Estate planning isn’t top of mind for all Americans, especially when they don’t have millions of dollars they expect to leave behind when they die – but that’s the wrong way to approach the task if they are survived by a spouse.
Retirement Tip of the Week: Even if you don’t think you’re leaving behind a substantial amount of money – or if your husband or wife didn’t – have an estate tax return filed to reap the benefits of the current lifetime exemption amount.
Americans are abuzz with news about the Mega Millions jackpot reaching more than $1 billion, and they’re probably dreaming of what they’d do with all of that cash if they won (after taxes, of course). But even if you’re not winning the Mega Millions – or any lottery for that matter – an estate tax return can save a family plenty of money later in life through the lifetime exemption amount, which is currently $12.06 million per individual in 2022. This is the amount a person can give during life or after death without having to pay a 40% gift or estate tax on the transferred money.
The IRS recently changed the rules regarding how long a surviving spouse can file for a portability extension, which allows them to transfer over any amount of the $12 million exemption the deceased spouse did not use. Widows and widowers now have five years to claim the portability extension, compared to the previously allotted two. First they need to file an estate tax return, though, which is usually due nine months after the deceased passed away.
Filing for that portability extension now, or in the near future, is crucial, as it will lock in the current exemption amount. That $12 million per individual, which is adjusted for inflation every year, is expected to sunset in 2026, and could be reduced by as much as half. “Even if folks don’t have the $12 million today, they may still elect portability since the estate tax exemption is applicable only at the time of death,” Brandon Opre, a certified financial planner and founder of TrustTree Financial. “People need to look at the potential growth of their estate in conjunction with their life expectancy.”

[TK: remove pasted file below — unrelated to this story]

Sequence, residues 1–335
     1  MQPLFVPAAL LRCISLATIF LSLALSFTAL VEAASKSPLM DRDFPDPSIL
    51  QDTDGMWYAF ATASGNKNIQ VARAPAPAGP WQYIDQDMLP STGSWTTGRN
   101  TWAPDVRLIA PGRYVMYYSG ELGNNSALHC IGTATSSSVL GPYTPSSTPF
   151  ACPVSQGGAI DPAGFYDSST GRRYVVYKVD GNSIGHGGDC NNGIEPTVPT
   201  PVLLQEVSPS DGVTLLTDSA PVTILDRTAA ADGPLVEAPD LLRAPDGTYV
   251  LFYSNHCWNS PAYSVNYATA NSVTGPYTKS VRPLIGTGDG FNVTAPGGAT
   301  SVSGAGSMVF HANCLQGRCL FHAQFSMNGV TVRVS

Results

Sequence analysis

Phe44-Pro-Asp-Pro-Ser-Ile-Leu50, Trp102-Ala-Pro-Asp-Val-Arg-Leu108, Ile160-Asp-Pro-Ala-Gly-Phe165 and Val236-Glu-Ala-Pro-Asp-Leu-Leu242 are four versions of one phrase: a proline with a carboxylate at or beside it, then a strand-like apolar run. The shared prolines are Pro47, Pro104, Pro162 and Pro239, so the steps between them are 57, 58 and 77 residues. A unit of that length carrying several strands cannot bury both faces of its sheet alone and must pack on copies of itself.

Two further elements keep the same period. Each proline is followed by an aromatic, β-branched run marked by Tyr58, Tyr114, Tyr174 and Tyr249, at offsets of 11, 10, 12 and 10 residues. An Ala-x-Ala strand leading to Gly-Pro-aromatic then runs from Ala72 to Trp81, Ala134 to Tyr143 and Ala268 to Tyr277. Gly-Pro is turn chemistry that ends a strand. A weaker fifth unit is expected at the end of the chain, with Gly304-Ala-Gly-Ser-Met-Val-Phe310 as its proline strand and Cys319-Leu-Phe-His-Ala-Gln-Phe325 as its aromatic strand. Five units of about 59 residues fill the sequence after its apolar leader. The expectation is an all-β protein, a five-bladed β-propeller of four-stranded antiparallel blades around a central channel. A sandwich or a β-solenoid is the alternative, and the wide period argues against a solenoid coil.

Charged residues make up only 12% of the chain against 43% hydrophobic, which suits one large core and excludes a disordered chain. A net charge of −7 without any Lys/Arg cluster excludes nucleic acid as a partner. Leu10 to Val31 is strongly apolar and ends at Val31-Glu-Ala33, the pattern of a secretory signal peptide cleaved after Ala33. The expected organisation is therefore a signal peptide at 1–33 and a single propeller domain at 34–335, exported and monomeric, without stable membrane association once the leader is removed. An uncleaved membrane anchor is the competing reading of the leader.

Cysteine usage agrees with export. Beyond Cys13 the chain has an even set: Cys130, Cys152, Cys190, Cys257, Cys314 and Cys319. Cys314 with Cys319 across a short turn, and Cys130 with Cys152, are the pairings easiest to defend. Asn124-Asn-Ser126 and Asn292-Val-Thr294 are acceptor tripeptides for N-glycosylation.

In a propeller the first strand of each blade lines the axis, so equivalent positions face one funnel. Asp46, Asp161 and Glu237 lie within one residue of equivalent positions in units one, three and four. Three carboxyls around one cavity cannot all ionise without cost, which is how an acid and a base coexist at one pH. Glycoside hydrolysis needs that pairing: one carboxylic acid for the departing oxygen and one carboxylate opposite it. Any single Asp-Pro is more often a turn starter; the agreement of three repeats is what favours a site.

If a surviving spouse were to pass on filing an estate tax return and getting the remaining amount of the lifetime exemption added to her own exemption, her family and loved ones could end up paying taxes on an inheritance if she were to die with more than her own limit (especially if it’s reduced drastically in the next few years). That means if she were to win big from a Mega Millions, or a business were to take off significantly between her spouse’s death and her own, she could end up with a lot of money to leave behind, and a lot in taxes for them to pay.
Individuals may also have to file an estate tax return, depending on the state they live in. Some states, such as Massachusetts and Oregon, have filing thresholds as low as $1 million in assets, said James Guarino, a certified financial planner and managing director of Baker Newman Noyes. “When factoring in the value of real estate, retirement plans and other investments, it is not difficult for a decedent’s estate to exceed these lower state exemption thresholds,” he said.
Estate tax returns can also be helpful if leaving behind inheritances that get a “step-up” in basis after death, such as real estate. A step-up in basis is when the worth of the inherited asset after death, such as the fair market value, is more than whatever the deceased paid for the asset at the time of purchase. Obtaining the fair market value of the asset can be tricky the longer the time period between when the beneficiary inherited the asset and sold it, Guarino said.
There are other tax-efficient strategies when estate planning outside of the portability claim, though that one is helpful for surviving spouses. Individuals looking to reduce tax burdens after death may want to look into irrevocable life insurance trusts, charitable donations and trusts and giving gifts while living, said Cecil Pope Staton, a certified financial planner and founder of Arch Financial Planning. “With the limit dropping, clients’ estate planning strategies to remove assets from the taxable estate will be more popular.”